By Tony Nuzio - Guest Blogger
Founder/CEO, ICC Logistics Services, Inc.

In today's very competitive transportation environment, the decision to select the right carrier/partner to handle your company's shipments should be much more than a financial decision. Yet, in many companies the "assumed" bottom line is usually the decision maker.

Price vs. Service - is there a trade off? Should there be? We think not! In fact the primary selection criteria should not involve price but rather servicing capabilities. This is not to say that price is not important, it just should not be the primary selection criteria. You see, if the carrier cannot meet a shipper's service needs, what difference will the price make?

So, how should carriers be selected to handle a company's shipments? We have some thoughts.

The first issue to address is to seek out long term and mutually beneficial business relationships. It should never be "we win, you lose." And yet we consistently see from both sides of the fence, shippers and carriers alike, where one party is seeking to gain "power" over the other to control the relationship. These types of relationships usually do not last very long.

Take a recent example where a parcel carrier insisted that their customer continue to pay excessive declared value fees for their shipments from the carrier. When the shipper challenged the carrier that they could significantly reduce these costs by obtaining a cargo loss policy from their own insurance company, the local sales representative insisted that was not a good idea. He contended that when a shipper purchases the insurance from the carrier the carrier does a better job of monitoring the shipper's packages. So, does that mean that if the shipment is not insured, the carrier does not take the same care in handling a shipper's packages? An absurd approach to a business relationship!

How about the shipper that attempts to convince its carriers that they are true business partners, but each year re- bids his business to obtain the lowest possible rate. Certainly there is no real partnership here.

So, what other considerations should shippers and carriers take into account when seeking to do business together?

 
  • Since carriers must continue to invest in new equipment and technology, they certainly need to make a profit. The question is how much of a profit is the shipper willing to have them make on their business?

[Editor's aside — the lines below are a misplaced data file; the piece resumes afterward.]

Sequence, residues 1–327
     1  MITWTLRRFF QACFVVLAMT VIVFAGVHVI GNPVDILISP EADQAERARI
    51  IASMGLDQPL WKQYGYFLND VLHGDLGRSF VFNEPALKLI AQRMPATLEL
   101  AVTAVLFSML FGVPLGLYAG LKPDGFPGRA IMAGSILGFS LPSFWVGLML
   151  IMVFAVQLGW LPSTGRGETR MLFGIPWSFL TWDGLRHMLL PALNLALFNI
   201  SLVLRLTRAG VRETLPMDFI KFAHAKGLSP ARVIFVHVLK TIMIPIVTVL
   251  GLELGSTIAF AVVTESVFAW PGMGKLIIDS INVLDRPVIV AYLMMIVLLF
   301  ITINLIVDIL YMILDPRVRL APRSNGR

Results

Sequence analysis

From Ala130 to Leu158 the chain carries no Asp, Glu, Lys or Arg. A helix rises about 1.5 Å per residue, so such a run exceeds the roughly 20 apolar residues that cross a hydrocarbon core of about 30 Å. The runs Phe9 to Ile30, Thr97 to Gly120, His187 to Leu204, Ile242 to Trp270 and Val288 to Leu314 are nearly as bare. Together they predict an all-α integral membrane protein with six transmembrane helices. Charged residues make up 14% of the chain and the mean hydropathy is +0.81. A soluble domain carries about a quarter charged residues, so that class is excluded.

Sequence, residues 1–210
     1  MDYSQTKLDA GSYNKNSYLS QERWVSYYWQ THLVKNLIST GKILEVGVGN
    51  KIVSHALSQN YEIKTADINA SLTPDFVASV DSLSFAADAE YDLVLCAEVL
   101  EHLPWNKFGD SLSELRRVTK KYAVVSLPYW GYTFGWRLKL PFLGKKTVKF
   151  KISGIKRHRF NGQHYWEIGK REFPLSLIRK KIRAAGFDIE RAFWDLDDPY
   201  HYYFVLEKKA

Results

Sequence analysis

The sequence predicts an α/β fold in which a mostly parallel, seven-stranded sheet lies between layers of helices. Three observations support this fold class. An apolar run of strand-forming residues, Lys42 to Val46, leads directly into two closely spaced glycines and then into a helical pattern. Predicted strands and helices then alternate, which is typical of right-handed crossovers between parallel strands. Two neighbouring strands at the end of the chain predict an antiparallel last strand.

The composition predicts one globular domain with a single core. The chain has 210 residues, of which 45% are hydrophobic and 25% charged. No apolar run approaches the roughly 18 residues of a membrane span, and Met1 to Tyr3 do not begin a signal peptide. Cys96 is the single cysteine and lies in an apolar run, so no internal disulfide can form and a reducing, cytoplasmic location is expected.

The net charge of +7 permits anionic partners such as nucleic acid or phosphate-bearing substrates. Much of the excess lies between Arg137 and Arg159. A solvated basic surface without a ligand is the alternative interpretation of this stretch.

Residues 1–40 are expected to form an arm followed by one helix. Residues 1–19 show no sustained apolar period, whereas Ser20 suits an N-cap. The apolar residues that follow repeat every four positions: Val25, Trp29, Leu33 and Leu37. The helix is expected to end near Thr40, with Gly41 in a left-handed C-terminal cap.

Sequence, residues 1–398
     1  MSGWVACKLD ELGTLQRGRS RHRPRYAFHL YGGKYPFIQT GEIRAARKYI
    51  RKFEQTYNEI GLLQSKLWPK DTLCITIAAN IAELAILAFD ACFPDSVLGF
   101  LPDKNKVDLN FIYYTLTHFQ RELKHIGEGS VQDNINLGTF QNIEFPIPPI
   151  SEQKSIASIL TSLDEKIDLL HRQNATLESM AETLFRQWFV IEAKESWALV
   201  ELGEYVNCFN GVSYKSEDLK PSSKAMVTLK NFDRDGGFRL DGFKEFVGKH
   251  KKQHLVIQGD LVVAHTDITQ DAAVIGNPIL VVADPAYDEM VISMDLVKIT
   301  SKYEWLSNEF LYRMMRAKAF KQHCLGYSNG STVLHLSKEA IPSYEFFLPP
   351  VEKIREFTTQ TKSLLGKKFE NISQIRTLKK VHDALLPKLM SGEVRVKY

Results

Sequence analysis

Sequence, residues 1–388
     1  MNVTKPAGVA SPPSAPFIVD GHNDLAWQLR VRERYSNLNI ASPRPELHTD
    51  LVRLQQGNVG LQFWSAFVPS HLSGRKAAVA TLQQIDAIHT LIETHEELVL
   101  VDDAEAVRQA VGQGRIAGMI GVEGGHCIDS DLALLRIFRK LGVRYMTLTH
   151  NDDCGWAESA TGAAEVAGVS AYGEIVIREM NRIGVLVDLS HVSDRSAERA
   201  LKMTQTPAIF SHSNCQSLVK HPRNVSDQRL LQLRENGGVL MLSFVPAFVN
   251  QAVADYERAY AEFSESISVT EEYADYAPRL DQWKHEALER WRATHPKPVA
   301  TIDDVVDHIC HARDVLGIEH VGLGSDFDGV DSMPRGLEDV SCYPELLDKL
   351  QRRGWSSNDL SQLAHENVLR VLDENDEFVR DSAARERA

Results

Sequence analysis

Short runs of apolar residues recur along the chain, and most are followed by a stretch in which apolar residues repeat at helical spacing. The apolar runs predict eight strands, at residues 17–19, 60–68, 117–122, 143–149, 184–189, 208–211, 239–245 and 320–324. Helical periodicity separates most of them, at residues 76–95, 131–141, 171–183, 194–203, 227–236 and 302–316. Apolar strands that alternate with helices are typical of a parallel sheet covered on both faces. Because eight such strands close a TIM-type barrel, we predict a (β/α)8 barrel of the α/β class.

• Shippers and carriers should be willing to do business together on an "open-book" basis. That means sharing comprehensive and sometimes confidential data with each other as any true business partners would.
  • Shippers need to provide comprehensive and exact shipping requirements to their freight carriers so that there will be no surprises once they begin to do business together.
  • Shippers and carriers must be willing to drive down costs together. When there is an honest and open line of communication between both parties there should be an ability for both parties to understand cost drivers and to examine opportunities to reduce those costs.
  • Establish "No-Fault" communications. Shippers and carriers should work together to solve problems rather than pointing a finger at each other. True and successful, long term business relationships never involve finger pointing.
  • Perform on-going measurement. In real estate it's always location, location, location. To create successful carrier/shipper partnerships its due diligence, trust and on-going measurement to make sure all is going as planned.

Both sides in the carrier/shipper partnership should consistently seek out ways to be a better customer or service provider. In business meetings at Amazon there is always an empty chair in the room, representing their customer. What a great way to ensure you never lose sight of the importance of the customer. What's your company doing to strengthen its relationship with its customers and business partners?

Please take a moment to check out ICC's Blog @ www.logisticsstrategies.com.

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Reprinted from ICC Logistics Services, Inc. with permission.
Photo credit: www.graphicstock.com

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Tompkins International Staff
Tompkins International Staff